There is a new significant threat to our free flowing rivers and our climate: the promotion of hydropower under the guise that it is clean, renewable energy that will help fight climate change.
But hydropower is not clean or renewable, and is not a solution, but is instead contributing to the climate crisis.
Contact your Congressional representatives and tell them that hydropower is not clean, renewable energy, and that they should oppose any legislation that would classify new hydropower projects as renewable energy that will fight climate change.
Legislation has recently been introduced in Congress with the express purpose of defining and promoting hydropower and the construction of new hydropower projects as “renewable energy.” If bills like these are successful in classifying hydropower as clean, renewable energy, they could make destructive hydropower projects eligible for climate change funding.
The true purpose of the deceptive Hydropower Clean Energy Future Act, and others like it, is to enable the hydropower industry to profit from the climate emergency by falsely marketing hydropower as clean, green, sustainable, and renewable, when it is none of those things. If new streams of climate financing, like the Climate Bonds Initiative, or the provision in the massive $1.5 trillion House infrastructure bill which would extend and expand an incentive for hydropower development from 2021 to 2036, become available to new, large scale hydropower projects, it will be one of the greatest threats our rivers have faced in a century.
The promotion of hydropower as “green” energy flies in the face of peer-reviewed scientific evidence that hydropower is not carbon-neutral energy. For example, research confirms that dams and reservoirs are a major source of greenhouse gas emissions driving climate change. They are essentially greenhouse gas factories, emitting the equivalent of a billion tons of carbon dioxide into the atmosphere every year, more than the entire nation of Canada. Even more concerning, 79% of the GHG emissions from reservoirs are methane, a greenhouse gas with a very strong warming effect in the short term, 86 times more potent than carbon dioxide in accelerating climate change over a decade or two, a critical time period in our efforts to slow down the effects of climate change before it is too late.
In the first decade after a new hydro facility is built, it can cause more warming than a coal-fired power plant through massive, on-going methane releases fueled by microbes feeding on flooded vegetation. It has been determined that reservoirs are emitting the equivalent of one gigaton—or one billion tons—of carbon dioxide into the atmosphere every year. That is more greenhouse gas production than the entire nation of Canada.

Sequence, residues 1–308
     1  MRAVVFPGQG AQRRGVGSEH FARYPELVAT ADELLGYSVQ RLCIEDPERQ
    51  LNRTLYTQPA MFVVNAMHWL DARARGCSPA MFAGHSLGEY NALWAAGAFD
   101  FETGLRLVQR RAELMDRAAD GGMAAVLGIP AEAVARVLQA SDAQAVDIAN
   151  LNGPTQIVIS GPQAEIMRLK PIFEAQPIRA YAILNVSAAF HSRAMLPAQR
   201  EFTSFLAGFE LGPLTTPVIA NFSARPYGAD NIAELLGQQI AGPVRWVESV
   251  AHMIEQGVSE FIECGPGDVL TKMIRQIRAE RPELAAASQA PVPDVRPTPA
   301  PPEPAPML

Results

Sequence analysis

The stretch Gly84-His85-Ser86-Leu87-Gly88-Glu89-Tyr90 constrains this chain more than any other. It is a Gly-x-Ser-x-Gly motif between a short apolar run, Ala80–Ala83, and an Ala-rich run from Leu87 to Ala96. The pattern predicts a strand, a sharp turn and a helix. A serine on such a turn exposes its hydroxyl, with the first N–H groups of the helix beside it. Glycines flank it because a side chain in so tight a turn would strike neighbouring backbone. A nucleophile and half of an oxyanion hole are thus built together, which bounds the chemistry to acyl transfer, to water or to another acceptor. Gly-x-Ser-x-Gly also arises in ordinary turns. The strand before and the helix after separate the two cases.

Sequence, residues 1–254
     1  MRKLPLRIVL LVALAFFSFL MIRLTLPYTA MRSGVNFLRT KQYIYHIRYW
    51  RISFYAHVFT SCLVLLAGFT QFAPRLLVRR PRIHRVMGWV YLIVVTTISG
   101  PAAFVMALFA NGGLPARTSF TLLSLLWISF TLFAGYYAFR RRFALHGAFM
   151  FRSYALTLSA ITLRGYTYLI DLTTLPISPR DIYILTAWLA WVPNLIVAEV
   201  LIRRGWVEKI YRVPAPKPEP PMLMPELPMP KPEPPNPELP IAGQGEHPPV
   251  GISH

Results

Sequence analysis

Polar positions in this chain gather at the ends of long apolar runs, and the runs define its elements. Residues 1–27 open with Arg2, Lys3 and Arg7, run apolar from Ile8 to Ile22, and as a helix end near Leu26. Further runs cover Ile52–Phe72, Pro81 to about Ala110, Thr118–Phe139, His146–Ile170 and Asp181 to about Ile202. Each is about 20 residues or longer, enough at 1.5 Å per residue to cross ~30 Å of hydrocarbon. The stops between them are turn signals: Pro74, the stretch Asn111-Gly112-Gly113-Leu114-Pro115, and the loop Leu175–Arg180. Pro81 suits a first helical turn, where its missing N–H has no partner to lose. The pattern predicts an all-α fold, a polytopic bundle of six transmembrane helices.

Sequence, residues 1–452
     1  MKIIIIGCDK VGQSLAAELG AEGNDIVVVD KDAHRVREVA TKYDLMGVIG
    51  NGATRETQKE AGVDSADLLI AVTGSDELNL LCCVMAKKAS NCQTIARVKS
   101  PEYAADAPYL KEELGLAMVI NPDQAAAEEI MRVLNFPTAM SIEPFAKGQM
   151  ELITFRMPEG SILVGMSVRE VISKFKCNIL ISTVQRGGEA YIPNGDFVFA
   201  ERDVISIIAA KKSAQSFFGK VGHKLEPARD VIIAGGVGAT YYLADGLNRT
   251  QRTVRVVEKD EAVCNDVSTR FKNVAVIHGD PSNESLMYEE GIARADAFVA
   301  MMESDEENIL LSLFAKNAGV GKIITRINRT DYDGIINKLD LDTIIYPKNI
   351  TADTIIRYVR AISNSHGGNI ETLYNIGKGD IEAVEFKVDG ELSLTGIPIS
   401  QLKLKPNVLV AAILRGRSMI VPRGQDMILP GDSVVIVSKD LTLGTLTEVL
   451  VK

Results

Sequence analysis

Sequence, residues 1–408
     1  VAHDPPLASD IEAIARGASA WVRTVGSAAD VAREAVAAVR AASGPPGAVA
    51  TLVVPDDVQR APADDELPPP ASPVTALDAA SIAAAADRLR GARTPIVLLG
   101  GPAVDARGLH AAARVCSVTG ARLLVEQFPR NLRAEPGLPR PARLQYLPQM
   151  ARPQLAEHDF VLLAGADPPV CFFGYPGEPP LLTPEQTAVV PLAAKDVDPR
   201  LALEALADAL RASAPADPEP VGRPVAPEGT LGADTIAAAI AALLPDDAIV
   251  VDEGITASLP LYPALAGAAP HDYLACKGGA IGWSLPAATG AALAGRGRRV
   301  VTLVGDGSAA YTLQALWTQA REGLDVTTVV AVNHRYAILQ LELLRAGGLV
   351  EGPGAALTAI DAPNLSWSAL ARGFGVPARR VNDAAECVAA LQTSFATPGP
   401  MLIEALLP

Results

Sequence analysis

Hydropower dams and reservoirs are also NOT sustainable or renewable sources of energy for our rivers and the communities that depend on them. They destroy rivers and river ecosystems, with dramatic adverse impacts on fish and water quality and quantity. Damming rivers also irreversibly impacts communities that depend on them. Dams destroy thousands of acres of traditional indigenous lands and ways of life.
Hydropower projects will drive up carbon load during the short few decades we have to slow climate change before it is too late. But we can save our planet without destroying our rivers. Given the plunging costs of solar power, wind generation, and storage technologies—as well as significant advances in energy efficiency and grid management—it is now possible to expand energy generation while drastically reducing greenhouse gas emissions and preserving our free flowing rivers.
Hydropower is not part of the climate solution; it is part of the problem. Please contact your Congressional representatives and urge them to oppose any legislation that would fast-track the construction of more hydropower dam and reservoir projects by falsely claiming that those projects are clean and renewable energy that will fight climate change, while attempting to streamline the hydropower licensing process and restrict the public’s ability to weigh in before projects are approved.
Feature image: Hungry Horse Dam by Dave Walsh/Bureau of Reclamation